Designated routes and areas are a central component of effective OHV management on public lands, and are essential to protecting the fish and wildlife for high quality fishing and hunting.
A system of designated routes that eliminates cross country travel is the single most important step toward keeping our access open and our wildlife populations robust.
The Forest Service and the Bureau of Land Management (BLM) both administer planning processes for designating routes on public lands. The agencies use a combination of social considerations and habitat considerations to come to a system of designated routes that best serves hunters, anglers, recreational riders and forest product users.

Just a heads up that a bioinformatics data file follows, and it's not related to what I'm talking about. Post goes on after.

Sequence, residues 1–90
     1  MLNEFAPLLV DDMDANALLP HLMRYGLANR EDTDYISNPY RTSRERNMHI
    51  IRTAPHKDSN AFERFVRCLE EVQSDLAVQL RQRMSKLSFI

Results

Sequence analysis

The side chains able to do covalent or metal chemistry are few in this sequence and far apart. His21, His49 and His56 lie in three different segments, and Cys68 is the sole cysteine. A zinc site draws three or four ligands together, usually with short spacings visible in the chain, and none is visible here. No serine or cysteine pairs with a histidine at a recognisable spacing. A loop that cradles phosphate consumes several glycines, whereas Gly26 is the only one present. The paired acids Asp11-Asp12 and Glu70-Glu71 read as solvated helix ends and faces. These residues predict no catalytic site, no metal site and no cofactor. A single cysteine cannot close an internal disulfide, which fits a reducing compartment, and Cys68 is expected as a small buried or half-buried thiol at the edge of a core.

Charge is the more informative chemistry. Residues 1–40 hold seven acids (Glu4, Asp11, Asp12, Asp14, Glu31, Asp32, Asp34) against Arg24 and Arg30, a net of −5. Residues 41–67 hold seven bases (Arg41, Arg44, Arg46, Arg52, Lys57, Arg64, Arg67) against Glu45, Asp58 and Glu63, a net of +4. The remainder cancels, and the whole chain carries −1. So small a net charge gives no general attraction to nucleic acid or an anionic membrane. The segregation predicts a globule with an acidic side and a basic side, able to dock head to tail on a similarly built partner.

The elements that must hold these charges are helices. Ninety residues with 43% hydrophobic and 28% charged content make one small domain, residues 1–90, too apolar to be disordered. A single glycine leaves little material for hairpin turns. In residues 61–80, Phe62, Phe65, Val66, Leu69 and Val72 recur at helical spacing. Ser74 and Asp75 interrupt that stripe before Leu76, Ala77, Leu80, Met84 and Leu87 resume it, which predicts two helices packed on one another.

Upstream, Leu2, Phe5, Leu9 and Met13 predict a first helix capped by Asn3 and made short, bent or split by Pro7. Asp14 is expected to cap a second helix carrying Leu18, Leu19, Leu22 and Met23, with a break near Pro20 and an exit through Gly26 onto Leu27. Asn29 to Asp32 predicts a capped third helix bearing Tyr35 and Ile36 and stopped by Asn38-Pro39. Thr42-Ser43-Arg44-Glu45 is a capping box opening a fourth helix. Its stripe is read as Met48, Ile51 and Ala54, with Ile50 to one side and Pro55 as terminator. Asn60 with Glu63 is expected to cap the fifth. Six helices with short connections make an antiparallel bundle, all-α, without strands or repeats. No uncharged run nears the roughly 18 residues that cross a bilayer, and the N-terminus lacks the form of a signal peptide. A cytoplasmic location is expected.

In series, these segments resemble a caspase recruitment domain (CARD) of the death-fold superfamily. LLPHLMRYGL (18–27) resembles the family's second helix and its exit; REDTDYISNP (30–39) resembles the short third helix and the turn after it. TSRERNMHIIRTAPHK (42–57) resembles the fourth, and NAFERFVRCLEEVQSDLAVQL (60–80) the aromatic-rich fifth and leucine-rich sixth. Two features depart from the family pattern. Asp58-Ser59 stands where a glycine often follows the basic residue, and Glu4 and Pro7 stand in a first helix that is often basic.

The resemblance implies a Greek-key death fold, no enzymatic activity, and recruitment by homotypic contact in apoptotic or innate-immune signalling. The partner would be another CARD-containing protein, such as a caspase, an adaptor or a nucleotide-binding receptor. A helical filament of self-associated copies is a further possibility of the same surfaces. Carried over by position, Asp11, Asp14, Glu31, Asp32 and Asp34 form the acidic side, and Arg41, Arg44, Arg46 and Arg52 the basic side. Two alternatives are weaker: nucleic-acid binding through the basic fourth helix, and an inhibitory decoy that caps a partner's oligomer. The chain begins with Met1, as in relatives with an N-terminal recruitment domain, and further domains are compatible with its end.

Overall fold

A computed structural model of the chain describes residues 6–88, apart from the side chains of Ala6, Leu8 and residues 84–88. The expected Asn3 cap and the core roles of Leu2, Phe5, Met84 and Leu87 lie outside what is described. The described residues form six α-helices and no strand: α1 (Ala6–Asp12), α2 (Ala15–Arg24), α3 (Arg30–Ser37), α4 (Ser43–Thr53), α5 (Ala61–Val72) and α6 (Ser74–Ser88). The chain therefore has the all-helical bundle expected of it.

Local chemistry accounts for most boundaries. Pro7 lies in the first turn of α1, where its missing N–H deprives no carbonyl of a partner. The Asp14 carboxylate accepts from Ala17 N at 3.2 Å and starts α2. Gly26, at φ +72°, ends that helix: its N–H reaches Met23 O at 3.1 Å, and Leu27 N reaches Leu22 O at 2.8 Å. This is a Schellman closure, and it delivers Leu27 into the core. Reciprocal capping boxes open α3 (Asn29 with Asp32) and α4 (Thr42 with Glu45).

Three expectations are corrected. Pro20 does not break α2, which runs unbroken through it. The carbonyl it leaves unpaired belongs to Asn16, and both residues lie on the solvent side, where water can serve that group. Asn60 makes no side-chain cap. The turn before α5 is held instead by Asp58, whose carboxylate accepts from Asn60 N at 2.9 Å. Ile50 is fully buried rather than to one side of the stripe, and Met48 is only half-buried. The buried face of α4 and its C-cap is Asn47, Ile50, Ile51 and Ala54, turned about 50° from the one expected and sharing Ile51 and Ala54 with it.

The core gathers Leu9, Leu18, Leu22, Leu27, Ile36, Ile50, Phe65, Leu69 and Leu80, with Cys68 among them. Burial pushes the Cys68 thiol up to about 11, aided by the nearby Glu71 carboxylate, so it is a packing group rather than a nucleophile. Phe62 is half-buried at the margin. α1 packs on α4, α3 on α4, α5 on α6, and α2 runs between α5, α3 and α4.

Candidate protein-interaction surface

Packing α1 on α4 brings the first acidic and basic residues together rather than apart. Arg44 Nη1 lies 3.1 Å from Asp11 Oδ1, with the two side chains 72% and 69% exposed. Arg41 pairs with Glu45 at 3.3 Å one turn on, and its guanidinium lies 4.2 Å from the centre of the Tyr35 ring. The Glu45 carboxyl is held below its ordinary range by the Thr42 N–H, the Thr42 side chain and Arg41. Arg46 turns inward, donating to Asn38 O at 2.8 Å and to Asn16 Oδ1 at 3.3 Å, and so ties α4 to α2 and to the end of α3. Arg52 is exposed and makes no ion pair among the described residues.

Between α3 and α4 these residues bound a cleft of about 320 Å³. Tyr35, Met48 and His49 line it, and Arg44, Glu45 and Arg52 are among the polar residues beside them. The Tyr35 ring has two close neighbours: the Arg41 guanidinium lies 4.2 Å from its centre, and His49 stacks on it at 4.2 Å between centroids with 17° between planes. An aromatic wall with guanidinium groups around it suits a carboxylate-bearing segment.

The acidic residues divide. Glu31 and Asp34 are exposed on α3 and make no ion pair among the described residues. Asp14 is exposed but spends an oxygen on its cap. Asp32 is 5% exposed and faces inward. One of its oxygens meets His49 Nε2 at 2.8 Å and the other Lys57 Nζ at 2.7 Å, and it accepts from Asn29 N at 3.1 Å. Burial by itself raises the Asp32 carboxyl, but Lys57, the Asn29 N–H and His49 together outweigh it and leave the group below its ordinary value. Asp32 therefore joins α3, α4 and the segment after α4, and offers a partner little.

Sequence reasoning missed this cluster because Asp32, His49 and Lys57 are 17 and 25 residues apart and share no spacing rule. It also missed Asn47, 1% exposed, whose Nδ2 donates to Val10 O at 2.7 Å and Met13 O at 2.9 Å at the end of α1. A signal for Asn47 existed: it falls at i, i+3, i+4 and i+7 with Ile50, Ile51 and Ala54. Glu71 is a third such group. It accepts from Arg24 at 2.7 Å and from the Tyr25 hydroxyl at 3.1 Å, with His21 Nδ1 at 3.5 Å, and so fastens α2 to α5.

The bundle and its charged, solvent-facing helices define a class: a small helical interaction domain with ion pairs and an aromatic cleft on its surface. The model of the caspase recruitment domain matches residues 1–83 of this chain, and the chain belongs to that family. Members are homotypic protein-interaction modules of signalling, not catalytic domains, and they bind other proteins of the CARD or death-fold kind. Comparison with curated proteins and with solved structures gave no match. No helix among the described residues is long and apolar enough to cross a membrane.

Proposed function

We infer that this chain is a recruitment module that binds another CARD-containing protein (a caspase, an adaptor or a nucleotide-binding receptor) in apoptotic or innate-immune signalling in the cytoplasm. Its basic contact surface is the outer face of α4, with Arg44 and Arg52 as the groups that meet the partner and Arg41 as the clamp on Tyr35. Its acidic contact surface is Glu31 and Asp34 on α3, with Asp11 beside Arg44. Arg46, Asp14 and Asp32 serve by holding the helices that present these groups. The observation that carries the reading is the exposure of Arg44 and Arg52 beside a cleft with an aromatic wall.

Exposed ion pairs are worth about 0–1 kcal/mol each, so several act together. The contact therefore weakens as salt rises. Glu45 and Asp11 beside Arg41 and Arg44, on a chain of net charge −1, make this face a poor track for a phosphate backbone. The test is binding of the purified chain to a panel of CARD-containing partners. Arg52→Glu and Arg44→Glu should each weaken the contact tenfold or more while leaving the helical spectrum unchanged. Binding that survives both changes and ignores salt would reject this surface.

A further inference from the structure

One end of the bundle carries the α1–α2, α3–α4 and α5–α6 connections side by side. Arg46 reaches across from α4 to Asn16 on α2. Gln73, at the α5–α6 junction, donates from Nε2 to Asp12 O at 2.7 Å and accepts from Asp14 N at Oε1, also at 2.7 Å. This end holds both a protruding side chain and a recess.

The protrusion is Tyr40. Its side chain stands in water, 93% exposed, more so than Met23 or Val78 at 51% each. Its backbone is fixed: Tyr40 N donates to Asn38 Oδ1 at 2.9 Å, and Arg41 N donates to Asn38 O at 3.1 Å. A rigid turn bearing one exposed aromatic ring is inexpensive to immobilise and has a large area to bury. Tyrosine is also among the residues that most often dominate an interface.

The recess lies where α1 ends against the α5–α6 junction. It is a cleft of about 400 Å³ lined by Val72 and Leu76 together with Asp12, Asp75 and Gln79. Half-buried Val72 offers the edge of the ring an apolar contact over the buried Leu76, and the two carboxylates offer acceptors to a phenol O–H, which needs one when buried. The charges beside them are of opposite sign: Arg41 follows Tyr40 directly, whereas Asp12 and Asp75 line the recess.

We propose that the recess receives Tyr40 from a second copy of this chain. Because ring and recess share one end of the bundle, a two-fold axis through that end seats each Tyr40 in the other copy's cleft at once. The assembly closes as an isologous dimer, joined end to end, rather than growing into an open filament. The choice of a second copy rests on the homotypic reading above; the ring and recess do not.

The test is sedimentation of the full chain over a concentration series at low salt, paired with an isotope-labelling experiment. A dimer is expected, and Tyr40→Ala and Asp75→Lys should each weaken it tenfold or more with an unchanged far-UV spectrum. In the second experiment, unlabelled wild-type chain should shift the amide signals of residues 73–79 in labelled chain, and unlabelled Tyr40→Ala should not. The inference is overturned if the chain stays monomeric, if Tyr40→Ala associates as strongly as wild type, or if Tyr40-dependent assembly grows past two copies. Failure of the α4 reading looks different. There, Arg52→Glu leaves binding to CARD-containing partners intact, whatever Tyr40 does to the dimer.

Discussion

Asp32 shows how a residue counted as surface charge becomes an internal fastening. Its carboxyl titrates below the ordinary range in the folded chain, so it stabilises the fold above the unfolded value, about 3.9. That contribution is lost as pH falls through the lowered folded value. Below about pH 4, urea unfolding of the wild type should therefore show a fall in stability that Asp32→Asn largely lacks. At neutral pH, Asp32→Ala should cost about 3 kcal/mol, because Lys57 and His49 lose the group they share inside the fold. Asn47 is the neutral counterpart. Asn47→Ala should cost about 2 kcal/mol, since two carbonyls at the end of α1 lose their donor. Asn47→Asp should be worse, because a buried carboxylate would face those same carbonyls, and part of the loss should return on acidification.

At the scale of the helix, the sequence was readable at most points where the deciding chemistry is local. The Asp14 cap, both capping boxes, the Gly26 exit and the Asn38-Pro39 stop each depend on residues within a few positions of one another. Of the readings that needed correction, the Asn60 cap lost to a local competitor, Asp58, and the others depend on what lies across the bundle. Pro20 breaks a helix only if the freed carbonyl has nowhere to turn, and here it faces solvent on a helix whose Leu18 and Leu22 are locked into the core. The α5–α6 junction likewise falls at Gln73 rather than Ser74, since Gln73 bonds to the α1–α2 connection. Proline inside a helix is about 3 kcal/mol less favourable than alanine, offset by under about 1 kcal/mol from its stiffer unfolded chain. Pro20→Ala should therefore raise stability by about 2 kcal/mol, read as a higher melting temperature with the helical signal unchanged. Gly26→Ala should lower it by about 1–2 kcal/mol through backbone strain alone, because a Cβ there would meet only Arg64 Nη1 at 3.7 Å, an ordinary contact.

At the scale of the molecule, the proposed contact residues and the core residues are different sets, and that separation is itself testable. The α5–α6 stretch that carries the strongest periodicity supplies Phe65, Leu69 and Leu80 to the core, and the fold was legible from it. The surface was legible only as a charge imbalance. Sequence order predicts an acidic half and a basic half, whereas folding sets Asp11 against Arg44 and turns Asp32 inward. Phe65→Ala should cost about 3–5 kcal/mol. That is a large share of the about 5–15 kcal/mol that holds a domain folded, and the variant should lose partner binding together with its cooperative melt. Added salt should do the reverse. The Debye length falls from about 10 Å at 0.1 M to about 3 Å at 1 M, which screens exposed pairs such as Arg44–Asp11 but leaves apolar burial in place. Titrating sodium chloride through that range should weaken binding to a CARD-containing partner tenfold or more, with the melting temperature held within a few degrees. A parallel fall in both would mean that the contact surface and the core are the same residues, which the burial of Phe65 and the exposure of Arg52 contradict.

Much like bag limits, draw entry hunts, catch and release and other rules that focus on planned use to provide more opportunity, designated route planning is a sensible idea to protect habitat. Additionally, route planning helps users choose their experience and use maps to find locations suitable for the type of activity they desire.
An early-morning elk hunter glassing a hillside in the back country does not want to see a pickup truck drive into the spot he’s glassing. Similarly, an ATV rider using an ATV-only trail does not want to encounter a bunch of full-size vehicles, plugging the trail and lessening the experience.
As a coalition, we believe strongly that designated route planning is a sound process that brings together local citizens and the best available science to arrive at common sense solutions.